iPhones are becoming increasingly popular with mobile device users, on that same note, the packaging and casing that surrounds the device is also becoming more popular. Monolith has created a small startup launch of prototypes and packaging for a wooden iPhone replacement panel. The new design is unique and cost effective while providing proof that good branding does not need to be expensive or overly elaborate.
The Monolith packaging features just a little emblem of a mountain. Designer John Tolman wanted to create a package that was attractive enough to warrant further use. A solid wooden panel replaces the glass back panel on the iPhone 4 and 4S. Underneath where the solid wood replacement panel sits, a screwdriver is provided in order to have quick and easy installation. Monolith’s Tolman further explains in an interview with “The Die Line” the inspirations and ideas behind the wooden creation for the modern technology.
“When we searched for a similar product for our own iPhones, we were disappointed in the high price of the existing offerings and decided it’d be easy enough to make our own. It didn’t take us long to decide to keep making them.
The goal of the packaging was something that was recyclable and economical on a small scale, yet attractive enough someone wouldn’t mind keeping around since it doubles as safe storage for the original iPhone glass back panel. We designed and constructed the packaging from laser cut corrugated cardboard with cutouts to accommodate the screwdriver provided for installation. A laser cut sleeve features a logo cutout to expose the wood grain of the back panel.”
What inspired your packaging concept?
John Tolman: In general, I was inspired by minimalist packaging that doesn’t have a lot of waste or less renewable materials (i.e. plastics). A good recent examples I came across is the packaging for the glif iPhone tripod mount by Studio Neat. I found a few companies that offered design/fabrication of laser cut packaging, but I really wanted to make our packaging in-house. I wanted a design that could be rapid prototyped and produced on a small scale without sacrificing design aesthetic or resorting to make-shift off the shelf packaging. I think it can be intimidating sometimes for a small startup such as myself when you consider the possible large setup costs involved with more traditional custom packaging such as die-cut cartons and molded fiber. I think a lot of people including myself owe our ability to make such packaging in-house to newer and cheaper rapid prototyping technologies such as CNC laser engravers/cutters.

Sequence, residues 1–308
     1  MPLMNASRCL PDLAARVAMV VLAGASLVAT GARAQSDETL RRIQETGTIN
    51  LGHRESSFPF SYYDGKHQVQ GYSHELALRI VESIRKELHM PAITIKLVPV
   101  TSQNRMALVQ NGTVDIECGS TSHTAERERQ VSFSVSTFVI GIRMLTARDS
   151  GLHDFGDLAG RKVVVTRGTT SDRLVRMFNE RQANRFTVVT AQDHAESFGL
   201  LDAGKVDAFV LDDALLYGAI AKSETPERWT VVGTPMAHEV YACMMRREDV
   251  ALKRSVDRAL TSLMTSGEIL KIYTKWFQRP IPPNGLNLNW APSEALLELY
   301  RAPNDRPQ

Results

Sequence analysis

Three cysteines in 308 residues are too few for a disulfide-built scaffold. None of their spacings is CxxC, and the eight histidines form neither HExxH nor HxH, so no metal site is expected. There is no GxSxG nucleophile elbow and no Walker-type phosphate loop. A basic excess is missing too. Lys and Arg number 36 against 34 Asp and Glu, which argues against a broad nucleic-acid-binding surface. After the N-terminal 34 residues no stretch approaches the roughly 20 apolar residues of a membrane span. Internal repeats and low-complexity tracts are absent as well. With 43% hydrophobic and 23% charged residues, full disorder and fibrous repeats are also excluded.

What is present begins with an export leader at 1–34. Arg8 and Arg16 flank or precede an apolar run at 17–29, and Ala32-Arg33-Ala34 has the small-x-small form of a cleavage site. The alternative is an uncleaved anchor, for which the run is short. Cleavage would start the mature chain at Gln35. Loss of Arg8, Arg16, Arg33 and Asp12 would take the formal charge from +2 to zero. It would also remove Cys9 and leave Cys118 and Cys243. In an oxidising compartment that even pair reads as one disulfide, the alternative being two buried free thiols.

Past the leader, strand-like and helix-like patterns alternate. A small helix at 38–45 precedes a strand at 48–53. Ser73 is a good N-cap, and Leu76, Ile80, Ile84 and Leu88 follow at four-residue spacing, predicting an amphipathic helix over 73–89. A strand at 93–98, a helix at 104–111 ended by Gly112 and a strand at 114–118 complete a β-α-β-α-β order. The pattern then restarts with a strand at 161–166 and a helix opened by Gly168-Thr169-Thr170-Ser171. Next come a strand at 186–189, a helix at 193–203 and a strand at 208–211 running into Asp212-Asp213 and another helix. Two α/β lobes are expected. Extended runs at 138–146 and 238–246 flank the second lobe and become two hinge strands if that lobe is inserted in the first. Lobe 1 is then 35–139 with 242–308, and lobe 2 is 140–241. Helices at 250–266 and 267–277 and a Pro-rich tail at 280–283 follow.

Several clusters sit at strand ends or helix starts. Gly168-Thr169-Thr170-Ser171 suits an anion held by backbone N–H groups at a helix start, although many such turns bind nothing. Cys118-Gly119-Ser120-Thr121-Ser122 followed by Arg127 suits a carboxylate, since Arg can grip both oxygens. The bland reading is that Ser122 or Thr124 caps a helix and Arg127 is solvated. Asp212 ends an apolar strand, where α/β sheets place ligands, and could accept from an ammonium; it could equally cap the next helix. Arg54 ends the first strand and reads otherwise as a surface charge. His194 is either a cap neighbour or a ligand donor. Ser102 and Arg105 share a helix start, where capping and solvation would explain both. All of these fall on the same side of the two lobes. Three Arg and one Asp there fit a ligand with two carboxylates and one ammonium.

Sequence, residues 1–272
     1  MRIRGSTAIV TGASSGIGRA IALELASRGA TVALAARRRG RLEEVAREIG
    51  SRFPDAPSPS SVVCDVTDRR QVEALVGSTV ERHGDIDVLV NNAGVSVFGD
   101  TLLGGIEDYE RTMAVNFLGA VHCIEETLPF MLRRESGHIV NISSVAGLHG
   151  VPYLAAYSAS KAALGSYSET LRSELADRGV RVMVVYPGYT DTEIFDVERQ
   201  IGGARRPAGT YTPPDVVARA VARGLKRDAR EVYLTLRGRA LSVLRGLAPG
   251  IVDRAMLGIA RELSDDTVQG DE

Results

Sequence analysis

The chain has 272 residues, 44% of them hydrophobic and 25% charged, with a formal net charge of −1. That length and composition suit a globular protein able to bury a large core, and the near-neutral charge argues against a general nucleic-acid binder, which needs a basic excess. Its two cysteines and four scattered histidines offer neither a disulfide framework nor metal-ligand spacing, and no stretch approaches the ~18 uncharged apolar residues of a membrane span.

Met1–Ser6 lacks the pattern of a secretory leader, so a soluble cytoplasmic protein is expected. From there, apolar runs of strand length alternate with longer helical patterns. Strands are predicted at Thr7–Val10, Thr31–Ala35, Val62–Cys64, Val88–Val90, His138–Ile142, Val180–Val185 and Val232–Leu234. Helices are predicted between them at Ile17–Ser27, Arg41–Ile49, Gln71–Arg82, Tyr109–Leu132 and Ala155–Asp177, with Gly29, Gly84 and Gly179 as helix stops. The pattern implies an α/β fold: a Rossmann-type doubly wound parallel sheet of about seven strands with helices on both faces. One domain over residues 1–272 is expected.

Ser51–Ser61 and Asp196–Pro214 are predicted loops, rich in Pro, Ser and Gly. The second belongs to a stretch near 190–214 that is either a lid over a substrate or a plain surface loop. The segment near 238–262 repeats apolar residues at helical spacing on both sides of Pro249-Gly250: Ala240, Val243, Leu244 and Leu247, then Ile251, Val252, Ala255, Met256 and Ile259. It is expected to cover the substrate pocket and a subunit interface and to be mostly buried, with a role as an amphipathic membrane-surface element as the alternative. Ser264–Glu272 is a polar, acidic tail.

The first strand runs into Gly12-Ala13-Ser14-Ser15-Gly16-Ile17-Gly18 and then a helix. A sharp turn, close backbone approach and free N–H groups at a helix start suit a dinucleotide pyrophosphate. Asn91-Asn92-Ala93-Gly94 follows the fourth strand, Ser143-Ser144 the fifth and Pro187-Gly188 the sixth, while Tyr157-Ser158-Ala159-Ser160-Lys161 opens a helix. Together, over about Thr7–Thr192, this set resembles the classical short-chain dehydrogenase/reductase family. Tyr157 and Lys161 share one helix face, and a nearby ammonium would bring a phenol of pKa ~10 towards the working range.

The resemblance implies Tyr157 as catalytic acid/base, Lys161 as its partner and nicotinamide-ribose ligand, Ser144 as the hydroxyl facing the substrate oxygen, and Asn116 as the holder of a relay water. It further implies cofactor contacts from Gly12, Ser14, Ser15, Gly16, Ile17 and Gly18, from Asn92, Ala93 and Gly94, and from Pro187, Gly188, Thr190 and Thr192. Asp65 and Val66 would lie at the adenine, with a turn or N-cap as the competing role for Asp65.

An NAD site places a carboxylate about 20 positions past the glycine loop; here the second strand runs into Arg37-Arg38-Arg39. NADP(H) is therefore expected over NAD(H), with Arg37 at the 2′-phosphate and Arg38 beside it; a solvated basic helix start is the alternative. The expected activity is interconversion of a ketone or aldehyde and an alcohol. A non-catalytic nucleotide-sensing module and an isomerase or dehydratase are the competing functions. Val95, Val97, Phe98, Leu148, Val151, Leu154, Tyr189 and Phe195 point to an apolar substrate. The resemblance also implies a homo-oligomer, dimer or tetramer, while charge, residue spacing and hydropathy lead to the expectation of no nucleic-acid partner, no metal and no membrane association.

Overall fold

What is the price point of the product?
John Tolman: The price point is $55 for any of the wood species and iPhone 4 or 4S and we have plans to offer custom engraved designs as well as more exotic wood species in the next few months.
Do you have a background in product or package design or is this your first venture?
John Tolman: I don’t have any experience in packaging design although my background is in mechanical engineering and some of my education focused on industrial design. I’ve always had an interest in graphic and industrial design though, and nearly went into one of those fields.
I love the simplistic approach to branding, but does the packaging or product say “Monolith” anywhere?
John Tolman: The back side of the sleeve does have a laser cut/etched design with more detailed branding, although not on the prototypes (below). We are making a production run this weekend which will have those final touches.